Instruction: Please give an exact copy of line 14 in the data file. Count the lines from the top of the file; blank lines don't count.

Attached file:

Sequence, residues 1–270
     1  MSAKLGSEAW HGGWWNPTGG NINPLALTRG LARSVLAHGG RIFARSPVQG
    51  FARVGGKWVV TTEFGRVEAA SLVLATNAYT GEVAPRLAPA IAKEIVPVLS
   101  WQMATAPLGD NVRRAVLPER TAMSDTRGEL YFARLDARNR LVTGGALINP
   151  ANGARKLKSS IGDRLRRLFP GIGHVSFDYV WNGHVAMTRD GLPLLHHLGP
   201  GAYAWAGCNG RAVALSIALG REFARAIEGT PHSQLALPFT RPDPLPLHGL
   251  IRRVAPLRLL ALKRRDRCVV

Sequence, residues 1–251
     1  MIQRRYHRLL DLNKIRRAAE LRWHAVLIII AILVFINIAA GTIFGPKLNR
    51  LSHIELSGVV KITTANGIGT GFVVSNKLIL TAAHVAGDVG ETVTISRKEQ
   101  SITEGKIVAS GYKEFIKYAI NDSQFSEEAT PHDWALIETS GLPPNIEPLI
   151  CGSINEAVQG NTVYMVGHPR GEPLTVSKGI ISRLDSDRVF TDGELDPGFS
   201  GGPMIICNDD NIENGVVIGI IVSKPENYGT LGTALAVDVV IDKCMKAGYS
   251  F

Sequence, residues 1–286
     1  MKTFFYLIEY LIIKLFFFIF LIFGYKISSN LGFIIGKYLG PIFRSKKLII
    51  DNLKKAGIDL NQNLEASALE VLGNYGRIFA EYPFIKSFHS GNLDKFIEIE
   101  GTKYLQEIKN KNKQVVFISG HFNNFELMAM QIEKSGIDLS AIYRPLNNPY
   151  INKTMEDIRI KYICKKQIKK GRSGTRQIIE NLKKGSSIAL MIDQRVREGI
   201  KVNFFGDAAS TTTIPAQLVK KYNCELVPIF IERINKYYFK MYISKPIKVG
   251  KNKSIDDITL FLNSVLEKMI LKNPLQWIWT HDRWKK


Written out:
   251  F